“I always tried to be the perfect Christian girl,” said Tricia Griffin. “Around five years old, I became a Christian by accepting the words of the gospel, but I didn’t know how to accept His grace for my daily life. I knew Christ provides joy, fullness, and satisfaction, but I didn’t realize that comes through a daily, personal relationship with Him.
“I kept living a self-sufficient life. I tried to perfectly check all the boxes in church, school, and family. Instead of bringing me peace, trying to perform and achieve led to more insecurity. I thought if I loved my appearance and gained the admiration of others, I would feel secure. But in reality, my self-esteem was so low that I didn’t let others really know me, causing even more isolation.
“My insecurity, loneliness, and desire to be loved created the perfect storm for more sin – specifically lustful thoughts and sexual sin – to creep in. I thought I was disgusting, broken, and alone for struggling the way I did. That sense of shame kept me quiet – convinced that I was the only girl who struggled with these specific sins. I felt so deeply alone, but I was afraid people would reject me if they found out what I was hiding.
“For years, I was in a vicious cycle of addiction and shame. I didn’t even want to look in the mirror. I remember going to summer camp and church events, swearing that I would change, but I never followed through. I couldn’t get rid of my addiction on my own. I was frustrated because I knew what was right, I just didn’t have the power to say no (Romans 7:18).
“By God’s grace, I had the opportunity my freshman year of college to share my struggle with a friend. In an effort to encourage her through a hard season, I told her about my own sin habits and addiction. It was the first time I had ever told anyone. She didn’t react with disgust or shock; She was rooted in Scripture and pointed me to Christ. Her response gave me a picture of Christ’s love and confidence to confess again to the biblical community around. me. I wanted to bring everything into the light. I was no longer in the shadows where I felt alone and shameful. This confession was a huge part of the process of my healing (James 5:16).
“Finding community and an authentic place to share and be held accountable was such an important part of my journey. The discipline of confession to community helped me slow down and ask myself, ‘Is this sin worth it?’ Believers around me truly knew me, saw my sin, and reminded me that I was loved by them and by God. I still have to fight temptation, but the more time I spend with Christ, the less I want to give into sin that doesn’t satisfy.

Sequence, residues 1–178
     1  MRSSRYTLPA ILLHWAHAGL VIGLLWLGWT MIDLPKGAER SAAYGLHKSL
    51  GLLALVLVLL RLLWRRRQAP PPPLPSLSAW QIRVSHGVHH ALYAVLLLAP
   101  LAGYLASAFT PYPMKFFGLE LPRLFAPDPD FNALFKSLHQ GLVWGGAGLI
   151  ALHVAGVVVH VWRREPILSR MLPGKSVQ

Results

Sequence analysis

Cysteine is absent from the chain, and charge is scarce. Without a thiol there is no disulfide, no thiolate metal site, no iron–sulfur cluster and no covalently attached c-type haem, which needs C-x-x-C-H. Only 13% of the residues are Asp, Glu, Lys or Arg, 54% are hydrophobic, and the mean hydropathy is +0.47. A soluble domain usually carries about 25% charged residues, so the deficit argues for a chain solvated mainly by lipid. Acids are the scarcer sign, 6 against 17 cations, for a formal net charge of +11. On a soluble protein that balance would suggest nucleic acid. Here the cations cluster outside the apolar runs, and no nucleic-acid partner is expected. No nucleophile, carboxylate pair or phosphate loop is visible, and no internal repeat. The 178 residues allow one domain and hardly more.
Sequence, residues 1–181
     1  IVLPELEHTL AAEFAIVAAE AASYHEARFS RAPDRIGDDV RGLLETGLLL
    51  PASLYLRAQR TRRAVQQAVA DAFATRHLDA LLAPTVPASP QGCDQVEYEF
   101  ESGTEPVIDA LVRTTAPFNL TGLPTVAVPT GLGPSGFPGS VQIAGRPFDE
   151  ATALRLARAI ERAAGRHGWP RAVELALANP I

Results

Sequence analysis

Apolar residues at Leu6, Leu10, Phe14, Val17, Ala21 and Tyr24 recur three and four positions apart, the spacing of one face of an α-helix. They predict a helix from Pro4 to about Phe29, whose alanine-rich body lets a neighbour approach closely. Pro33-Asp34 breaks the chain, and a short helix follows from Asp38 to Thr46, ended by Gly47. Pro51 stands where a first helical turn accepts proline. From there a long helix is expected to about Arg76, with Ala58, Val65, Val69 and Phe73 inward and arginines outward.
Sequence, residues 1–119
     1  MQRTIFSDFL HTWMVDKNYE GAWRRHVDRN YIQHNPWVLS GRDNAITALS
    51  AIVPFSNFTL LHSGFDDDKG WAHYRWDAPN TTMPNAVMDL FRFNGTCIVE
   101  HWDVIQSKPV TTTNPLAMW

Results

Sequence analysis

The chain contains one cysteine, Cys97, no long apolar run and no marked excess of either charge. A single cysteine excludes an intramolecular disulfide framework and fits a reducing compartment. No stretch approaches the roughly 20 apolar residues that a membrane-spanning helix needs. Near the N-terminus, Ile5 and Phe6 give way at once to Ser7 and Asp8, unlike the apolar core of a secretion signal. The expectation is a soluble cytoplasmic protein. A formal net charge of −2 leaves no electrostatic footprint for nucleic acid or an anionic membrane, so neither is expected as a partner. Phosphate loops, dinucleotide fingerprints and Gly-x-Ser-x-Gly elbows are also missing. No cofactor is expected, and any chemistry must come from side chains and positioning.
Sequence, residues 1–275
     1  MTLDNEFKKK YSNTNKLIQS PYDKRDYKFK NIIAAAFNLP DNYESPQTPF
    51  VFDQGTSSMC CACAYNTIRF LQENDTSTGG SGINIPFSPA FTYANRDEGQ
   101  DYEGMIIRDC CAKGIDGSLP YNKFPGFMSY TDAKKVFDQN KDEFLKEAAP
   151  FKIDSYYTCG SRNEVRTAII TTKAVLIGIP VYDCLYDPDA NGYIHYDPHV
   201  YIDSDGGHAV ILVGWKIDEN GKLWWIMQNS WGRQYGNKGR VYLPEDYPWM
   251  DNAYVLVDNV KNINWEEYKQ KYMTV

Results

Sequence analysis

“Later, I attended re:generation, Watermark’s biblical recovery ministry, and learned that a lot of my sins were rooted in perfectionism. I thought I had to be perfect to be loved by Christ, but that is such a lie. I came to understand that Jesus knew my past, present, and future sin and still chose to die on a cross for me (Romans 5:8). Any love that has to be earned is fleeting and counterfeit. Because of Christ, I have access to perfect love that doesn’t need to be earned. I could find the freedom, acceptance, value, and security I was looking for in Him.
“God, in His kindness, has used my story to encourage others. Now serving in re:generation I have a weekly opportunity to share my struggles and tell others how God changed my life. Christ has given me such freedom that I look forward to sharing the parts of my life I used to hide, because it helps others see the goodness of God. I get to witness as people confess their sin for the very first time, and I’m able to respond with grace like my friend did for me.
“I want others to know that you don’t have to be perfect to experience the goodness of God. We’re all broken, but when you bring your sin to light and see that God has never left you, you’ll see how much He loves you. You don’t have to do any cleaning up to make your relationship right with God; He does the cleaning. He breaks the chains of addiction. He is powerful enough to overcome anything.
“There are still many days where it’s hard to feel God’s presence and say no to temptation, but I know I can confess to God and to others and they won’t reject me. I was afraid to confess because I didn’t want people to look at me differently or through the lens of my sin. Today, I know He says I am not defined by my sin, but I am defined by His sacrifice.”